It was suggested earlier that there are times when a young person can feel completely justified in ignoring life insurance.
A good example is if you simply don’t have anyone in your life who would suffer financially if you were to pass away.
In such cases, it probably would be difficult for anyone but the most aggressive of insurance agents to come up with valid reasons for you to buy a life policy.
Also, some married couples without children are likely to have a hard time convincing themselves that they would benefit from buying a life insurance policy.
This is especially true when both spouses contribute equally to their household income and even the untimely death of one wouldn’t result in a financial catastrophe for the other.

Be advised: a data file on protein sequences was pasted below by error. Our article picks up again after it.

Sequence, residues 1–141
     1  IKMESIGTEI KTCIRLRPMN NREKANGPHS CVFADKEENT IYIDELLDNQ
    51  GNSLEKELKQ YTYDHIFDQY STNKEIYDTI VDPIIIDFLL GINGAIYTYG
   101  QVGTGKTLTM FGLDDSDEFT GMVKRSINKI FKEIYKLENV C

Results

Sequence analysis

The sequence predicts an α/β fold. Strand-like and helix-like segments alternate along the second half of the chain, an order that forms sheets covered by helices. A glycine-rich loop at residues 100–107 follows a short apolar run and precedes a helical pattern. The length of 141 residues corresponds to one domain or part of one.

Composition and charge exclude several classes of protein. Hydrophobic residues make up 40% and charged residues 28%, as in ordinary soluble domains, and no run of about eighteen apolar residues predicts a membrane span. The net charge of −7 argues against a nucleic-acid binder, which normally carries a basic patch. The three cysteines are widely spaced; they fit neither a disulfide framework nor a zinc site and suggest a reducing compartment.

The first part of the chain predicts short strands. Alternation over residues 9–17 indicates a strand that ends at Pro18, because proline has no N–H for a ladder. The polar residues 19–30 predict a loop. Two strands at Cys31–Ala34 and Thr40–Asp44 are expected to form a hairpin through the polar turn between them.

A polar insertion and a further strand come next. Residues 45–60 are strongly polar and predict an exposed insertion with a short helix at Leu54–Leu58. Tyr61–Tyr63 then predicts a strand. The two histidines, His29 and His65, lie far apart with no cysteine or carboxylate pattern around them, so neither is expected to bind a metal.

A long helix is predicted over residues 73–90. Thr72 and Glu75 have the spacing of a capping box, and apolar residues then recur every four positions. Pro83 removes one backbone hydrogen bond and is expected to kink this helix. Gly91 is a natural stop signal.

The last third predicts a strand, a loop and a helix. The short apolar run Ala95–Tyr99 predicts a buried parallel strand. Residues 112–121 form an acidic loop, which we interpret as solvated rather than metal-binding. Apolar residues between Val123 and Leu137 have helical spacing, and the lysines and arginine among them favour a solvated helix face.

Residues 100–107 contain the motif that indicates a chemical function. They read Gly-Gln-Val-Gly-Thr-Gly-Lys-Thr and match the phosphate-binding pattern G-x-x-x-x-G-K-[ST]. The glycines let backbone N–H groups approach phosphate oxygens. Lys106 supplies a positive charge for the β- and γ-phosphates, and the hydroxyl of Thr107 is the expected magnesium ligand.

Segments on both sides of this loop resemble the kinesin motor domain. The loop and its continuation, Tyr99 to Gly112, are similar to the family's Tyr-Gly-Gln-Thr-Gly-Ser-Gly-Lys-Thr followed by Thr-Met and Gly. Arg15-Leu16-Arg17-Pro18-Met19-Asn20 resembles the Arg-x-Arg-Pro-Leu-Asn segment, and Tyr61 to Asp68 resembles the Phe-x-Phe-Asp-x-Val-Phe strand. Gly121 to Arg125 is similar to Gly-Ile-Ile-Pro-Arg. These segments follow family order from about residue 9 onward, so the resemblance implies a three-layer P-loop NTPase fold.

If there’s any question that the passing of one spouse would put an undue strain on the other, you may want to buy at least a modest amount of life insurance that can act as a financial safety net if need be.
Don’t take any of what’s said above to suggest that Millennials and other young people are completely unware of the existence of life insurance, by the way.
A LIMRA study from late 2014, for example, found that 75 percent of those who purchase employer-sponsored or -supported life insurance policies at this point are part of Generations X or Y.
Also, a slightly more recent study from the same organization revealed that “a majority” of the women and men who make up those same generations believe they need more life insurance than they currently own.
Unfortunately, just because a good percentage of younger Americans knows that life insurance is something they can and even should buy to protect their family, many never purchase it.